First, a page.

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 Table of Contents    
BOOK REVIEW  
Year : 2010  |  Volume : 52  |  Issue : 4  |  Page : 392
Law and Psychiatry


Clinical Director, North India Psychiatry Centre 95 A, Model Gram, Ludhiana 141002, India

Click here for correspondence address and email

Date of Web Publication29-Dec-2010
 

How to cite this article:
Kala A K. Law and Psychiatry. Indian J Psychiatry 2010;52:392

How to cite this URL:
Kala A K. Law and Psychiatry. Indian J Psychiatry [serial online] 2010 [cited 2020 Feb 24];52:392. Available from: http://www.indianjpsychiatry.org/text.asp?2010/52/4/392/74327



By Dr. K. S. Mohan and Adv. P. S. Sreedharan Pillai

Vigil Human Rights, Calicut, May 2010, p. 244, Rs. 400

Pages 244; Price Rs 400




The book, written by a psychiatrist, lawyer duo, attempts to comprehensively cover the important area of overlap between Law and Psychiatry and does succeed in doing so to some extent. However, in trying to simultaneously address two distinct readership categories of psychiatrists interested in law and lawyers interested in psychiatry, the book ends up making some compromises. For example, psychiatrists would not be interested in long descriptions of various mental illnesses, nor would the lawyers be interested in cursory descriptions of various sections of the law relevant to the field.

There are some factual errors too. The section on sexual disorders lists homosexuality as a disorder while no international classification of diseases any longer considers these behavioral patterns as such.

A whole chapter is devoted to descriptions of narcoanalysis, brain mapping and brain finger printing techniques, which have no scientific value. A recent Supreme Court judgment banned these techniques, except with individual's consent (the judgment of May 2010 is not even mentioned). The Supreme Court also held that the findings of these tests cannot be admitted as evidence.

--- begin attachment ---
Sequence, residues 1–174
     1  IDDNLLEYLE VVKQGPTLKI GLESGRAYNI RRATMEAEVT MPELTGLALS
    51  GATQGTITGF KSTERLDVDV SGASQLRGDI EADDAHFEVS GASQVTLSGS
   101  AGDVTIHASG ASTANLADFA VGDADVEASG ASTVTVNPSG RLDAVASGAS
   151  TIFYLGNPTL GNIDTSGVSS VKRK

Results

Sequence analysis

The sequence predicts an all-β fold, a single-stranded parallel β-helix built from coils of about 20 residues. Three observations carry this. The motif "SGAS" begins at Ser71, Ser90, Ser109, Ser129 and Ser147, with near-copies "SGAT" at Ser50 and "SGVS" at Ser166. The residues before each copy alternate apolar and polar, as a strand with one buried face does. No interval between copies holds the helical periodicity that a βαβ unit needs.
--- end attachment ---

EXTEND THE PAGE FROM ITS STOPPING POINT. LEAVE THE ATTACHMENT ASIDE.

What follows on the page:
In some parts of this book, not only Indian Lunacy Act of 1914 and Mental Health Act, 1987 are mentioned interchangeably but also the word lunatic is used freely, which is jarring, to say the least, to read in a book published in 2010. The chapters on "Insanity and Trial" and "History of Forensic Psychiatry" are relatively well written.

There are glaring printing and line editing errors. 108 out of 244 pages contain just the Mental Health Act, 1987 and National Trust Act, 1999.

All in all, a good book for a quick reference, but certainly not a treatise on the subject.

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Correspondence Address:
A K Kala
Clinical Director, North India Psychiatry Centre 95 A, Model Gram, Ludhiana 141002
India
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Source of Support: None, Conflict of Interest: None


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